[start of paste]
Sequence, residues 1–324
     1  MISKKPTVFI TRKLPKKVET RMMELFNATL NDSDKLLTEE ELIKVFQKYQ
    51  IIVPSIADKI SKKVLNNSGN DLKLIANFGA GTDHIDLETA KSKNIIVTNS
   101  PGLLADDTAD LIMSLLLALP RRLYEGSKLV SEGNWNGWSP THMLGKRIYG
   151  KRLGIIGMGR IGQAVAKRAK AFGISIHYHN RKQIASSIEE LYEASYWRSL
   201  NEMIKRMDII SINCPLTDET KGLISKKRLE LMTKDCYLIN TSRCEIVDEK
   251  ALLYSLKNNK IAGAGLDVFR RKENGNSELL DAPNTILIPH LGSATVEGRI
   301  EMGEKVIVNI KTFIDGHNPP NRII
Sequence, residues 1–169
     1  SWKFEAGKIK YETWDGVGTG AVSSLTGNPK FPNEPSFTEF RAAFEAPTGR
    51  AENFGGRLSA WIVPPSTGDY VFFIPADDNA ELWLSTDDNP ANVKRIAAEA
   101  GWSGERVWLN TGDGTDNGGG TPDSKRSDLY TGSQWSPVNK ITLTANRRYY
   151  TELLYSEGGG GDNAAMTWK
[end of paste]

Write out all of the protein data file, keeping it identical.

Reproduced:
Sequence, residues 1–324
     1  MISKKPTVFI TRKLPKKVET RMMELFNATL NDSDKLLTEE ELIKVFQKYQ
    51  IIVPSIADKI SKKVLNNSGN DLKLIANFGA GTDHIDLETA KSKNIIVTNS
   101  PGLLADDTAD LIMSLLLALP RRLYEGSKLV SEGNWNGWSP THMLGKRIYG
   151  KRLGIIGMGR IGQAVAKRAK AFGISIHYHN RKQIASSIEE LYEASYWRSL
   201  NEMIKRMDII SINCPLTDET KGLISKKRLE LMTKDCYLIN TSRCEIVDEK
   251  ALLYSLKNNK IAGAGLDVFR RKENGNSELL DAPNTILIPH LGSATVEGRI
   301  EMGEKVIVNI KTFIDGHNPP NRII
Sequence, residues 1–169
     1  SWKFEAGKIK YETWDGVGTG AVSSLTGNPK FPNEPSFTEF RAAFEAPTGR
    51  AENFGGRLSA WIVPPSTGDY VFFIPADDNA ELWLSTDDNP ANVKRIAAEA
   101  GWSGERVWLN TGDGTDNGGG TPDSKRSDLY TGSQWSPVNK ITLTANRRYY
   151  TELLYSEGGG GDNAAMTWK